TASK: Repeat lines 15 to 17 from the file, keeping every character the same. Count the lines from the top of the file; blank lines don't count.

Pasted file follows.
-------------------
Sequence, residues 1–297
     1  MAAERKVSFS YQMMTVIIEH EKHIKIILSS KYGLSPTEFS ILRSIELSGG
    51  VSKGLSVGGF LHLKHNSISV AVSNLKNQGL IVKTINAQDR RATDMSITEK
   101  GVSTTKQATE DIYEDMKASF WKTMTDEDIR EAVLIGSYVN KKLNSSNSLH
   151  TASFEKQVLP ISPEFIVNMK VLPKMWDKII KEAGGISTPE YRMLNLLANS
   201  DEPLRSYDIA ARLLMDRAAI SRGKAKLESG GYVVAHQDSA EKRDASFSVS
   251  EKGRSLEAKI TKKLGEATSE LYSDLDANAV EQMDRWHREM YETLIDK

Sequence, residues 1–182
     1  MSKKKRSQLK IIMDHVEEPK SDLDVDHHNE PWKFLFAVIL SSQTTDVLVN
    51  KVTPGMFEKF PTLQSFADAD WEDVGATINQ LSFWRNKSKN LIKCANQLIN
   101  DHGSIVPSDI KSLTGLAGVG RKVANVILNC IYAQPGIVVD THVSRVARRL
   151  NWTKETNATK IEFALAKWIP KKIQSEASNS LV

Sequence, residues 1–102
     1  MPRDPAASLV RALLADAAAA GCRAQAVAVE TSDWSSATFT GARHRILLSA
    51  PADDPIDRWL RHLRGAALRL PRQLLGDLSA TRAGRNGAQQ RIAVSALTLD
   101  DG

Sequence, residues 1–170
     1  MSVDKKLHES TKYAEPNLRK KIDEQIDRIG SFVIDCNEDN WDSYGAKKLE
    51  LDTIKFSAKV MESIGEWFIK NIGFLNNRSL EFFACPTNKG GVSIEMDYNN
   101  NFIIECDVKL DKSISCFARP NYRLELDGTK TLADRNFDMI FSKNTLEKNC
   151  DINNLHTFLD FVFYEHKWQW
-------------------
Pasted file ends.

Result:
    51  PADDPIDRWL RHLRGAALRL PRQLLGDLSA TRAGRNGAQQ RIAVSALTLD
   101  DG

Sequence, residues 1–170